Tiny, Not-So-Big, and Just Right: Smaller Homes Back on Trend

When I joined our firm in 1999—then Mulfinger, Susanka, Mahady & Partners—the firm was enjoying a flurry of “small” success. Sarah Susanka had recently published The Not-So-Big House to great fanfare and the quality-over-quantity message guided much of our work for the next decade. With subsequent tech and housing booms, the average American home continued to get bigger, and despite much of our work being cabins and remodeling, our projects were rarely exceptions.

Now, nearly two decades later, I find myself captivated by a not-so-big reboot—this time it’s tiny! HGTV’s various takes on the new tiny house movement are such a refreshing turn from people eagerly selecting the worst house on the crummiest block in the most isolated neighborhood because it has granite countertops and stainless-fronted appliances. Though I confess, my favorite Tiny episodes are the ones in which the Tiny shoppers look around anxiously and question, “Where am I going to put all my stuff?!”

You should know tiny houses existed long before HGTV. Of course, in ancient, indigenous, and nomadic forms, but also in those cute little trailer boxes made popular on the cable network. Architect and writer Lester Walker documented and beautifully illustrated a number of tiny houses in his 1987 book, Tiny Houses or How to Get Away From It All.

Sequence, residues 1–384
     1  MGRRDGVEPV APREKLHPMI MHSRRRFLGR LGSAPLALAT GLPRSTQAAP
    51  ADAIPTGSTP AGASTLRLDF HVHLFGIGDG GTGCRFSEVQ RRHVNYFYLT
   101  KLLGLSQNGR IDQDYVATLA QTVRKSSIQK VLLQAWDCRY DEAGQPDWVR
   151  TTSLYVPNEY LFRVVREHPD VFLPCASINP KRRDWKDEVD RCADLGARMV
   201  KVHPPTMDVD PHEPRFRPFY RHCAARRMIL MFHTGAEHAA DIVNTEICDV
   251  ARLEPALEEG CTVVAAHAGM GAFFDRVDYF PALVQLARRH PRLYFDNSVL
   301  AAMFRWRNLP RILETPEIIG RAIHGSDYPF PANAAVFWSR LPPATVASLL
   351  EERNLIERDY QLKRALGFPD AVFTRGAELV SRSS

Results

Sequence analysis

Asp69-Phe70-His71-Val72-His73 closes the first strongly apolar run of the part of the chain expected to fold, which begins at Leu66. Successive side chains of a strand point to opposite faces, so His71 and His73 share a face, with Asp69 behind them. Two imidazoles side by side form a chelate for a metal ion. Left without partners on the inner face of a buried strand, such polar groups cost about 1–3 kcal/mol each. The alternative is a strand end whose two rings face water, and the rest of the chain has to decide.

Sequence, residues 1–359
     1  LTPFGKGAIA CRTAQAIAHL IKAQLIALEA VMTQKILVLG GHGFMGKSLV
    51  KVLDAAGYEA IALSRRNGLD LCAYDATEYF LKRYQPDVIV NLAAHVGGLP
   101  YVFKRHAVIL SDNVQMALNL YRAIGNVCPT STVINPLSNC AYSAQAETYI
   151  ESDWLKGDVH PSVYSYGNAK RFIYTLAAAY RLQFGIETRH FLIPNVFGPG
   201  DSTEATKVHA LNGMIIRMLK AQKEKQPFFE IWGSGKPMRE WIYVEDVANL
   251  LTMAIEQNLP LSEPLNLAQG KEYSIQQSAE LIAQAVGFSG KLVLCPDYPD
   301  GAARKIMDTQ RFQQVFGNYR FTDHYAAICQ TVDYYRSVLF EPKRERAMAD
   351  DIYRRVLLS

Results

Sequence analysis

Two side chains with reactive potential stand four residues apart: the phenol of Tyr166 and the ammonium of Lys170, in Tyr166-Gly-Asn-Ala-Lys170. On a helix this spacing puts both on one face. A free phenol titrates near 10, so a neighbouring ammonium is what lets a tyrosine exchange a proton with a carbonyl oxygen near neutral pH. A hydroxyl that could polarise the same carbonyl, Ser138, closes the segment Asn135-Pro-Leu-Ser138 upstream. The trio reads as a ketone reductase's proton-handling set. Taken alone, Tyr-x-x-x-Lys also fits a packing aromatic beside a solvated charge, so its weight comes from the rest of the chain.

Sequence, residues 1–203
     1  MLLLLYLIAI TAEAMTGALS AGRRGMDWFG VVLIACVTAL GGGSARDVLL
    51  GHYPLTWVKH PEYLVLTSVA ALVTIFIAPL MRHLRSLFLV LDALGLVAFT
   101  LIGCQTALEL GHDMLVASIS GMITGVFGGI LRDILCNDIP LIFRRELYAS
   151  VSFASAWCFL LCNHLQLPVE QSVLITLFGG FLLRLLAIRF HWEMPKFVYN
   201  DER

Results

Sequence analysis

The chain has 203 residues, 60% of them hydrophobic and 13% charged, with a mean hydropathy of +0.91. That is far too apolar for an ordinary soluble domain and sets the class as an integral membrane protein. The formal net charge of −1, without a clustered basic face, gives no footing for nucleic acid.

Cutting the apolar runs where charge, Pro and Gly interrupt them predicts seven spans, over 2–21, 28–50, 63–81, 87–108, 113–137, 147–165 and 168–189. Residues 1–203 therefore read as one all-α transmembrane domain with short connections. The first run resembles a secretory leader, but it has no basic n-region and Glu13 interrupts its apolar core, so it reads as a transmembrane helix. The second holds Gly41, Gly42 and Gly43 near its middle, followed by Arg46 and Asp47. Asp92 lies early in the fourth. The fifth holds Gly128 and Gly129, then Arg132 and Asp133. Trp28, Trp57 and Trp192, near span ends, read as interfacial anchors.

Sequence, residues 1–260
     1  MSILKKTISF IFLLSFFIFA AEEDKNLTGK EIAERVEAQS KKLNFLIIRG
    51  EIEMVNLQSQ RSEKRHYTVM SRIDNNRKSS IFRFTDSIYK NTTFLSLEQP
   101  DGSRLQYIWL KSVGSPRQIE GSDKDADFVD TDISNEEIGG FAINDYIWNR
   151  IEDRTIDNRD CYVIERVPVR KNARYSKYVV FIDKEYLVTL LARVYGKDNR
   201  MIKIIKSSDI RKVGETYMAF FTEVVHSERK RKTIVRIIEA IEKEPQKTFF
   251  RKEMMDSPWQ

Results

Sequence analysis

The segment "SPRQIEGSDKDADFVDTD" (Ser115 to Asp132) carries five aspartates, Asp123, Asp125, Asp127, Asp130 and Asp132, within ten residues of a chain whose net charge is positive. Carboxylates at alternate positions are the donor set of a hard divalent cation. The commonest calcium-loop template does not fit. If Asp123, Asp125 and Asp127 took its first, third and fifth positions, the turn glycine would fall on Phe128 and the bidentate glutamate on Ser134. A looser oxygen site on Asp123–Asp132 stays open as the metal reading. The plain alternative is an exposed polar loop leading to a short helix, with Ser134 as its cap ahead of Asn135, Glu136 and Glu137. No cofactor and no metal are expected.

SALA Architect Bryan Anderson

At the recent AIA Minnesota Homes By Architects Tour, I was standing in a warm, lovely, and exquisitely detailed home when I heard one of the tour staffers exclaim, “and it’s only 4500 square feet!” As with the majority of our clients, many of the tour homeowners were empty nesters, or at least Boomers, designing and building retirement homes with ample room for entertaining and accommodating family and friends.

When we bought our own house nearly three years ago, we were smitten with its inherent values: south facing views to a lush and shady backyard, cozy rooms with great natural light, and charming character, all within 1100 square feet. We may have overlooked the bowing roof and sloping floors, but fundamentally agreed that buying a smaller house would enable us to make it better.

I have become increasingly curious if age is a factor in this as much as lifestyle. I certainly see more Millennials shopping for tiny houses, and work with more Boomers who have established wealth and comforts associated with home. But I’ve also recently worked with a couple my own age on a new cabin with the smallest footprint I’ve ever put on paper—440 square feet*—and it was exhilarating! At any size, and any budget, building less creates the opportunity to build better, and if the trend is back, hashtag that!

SALA Architect Bryan Anderson

*Okay, that is the first of three stories for a total of 1500 square feet but that’s still only 60% of the median new single-family home.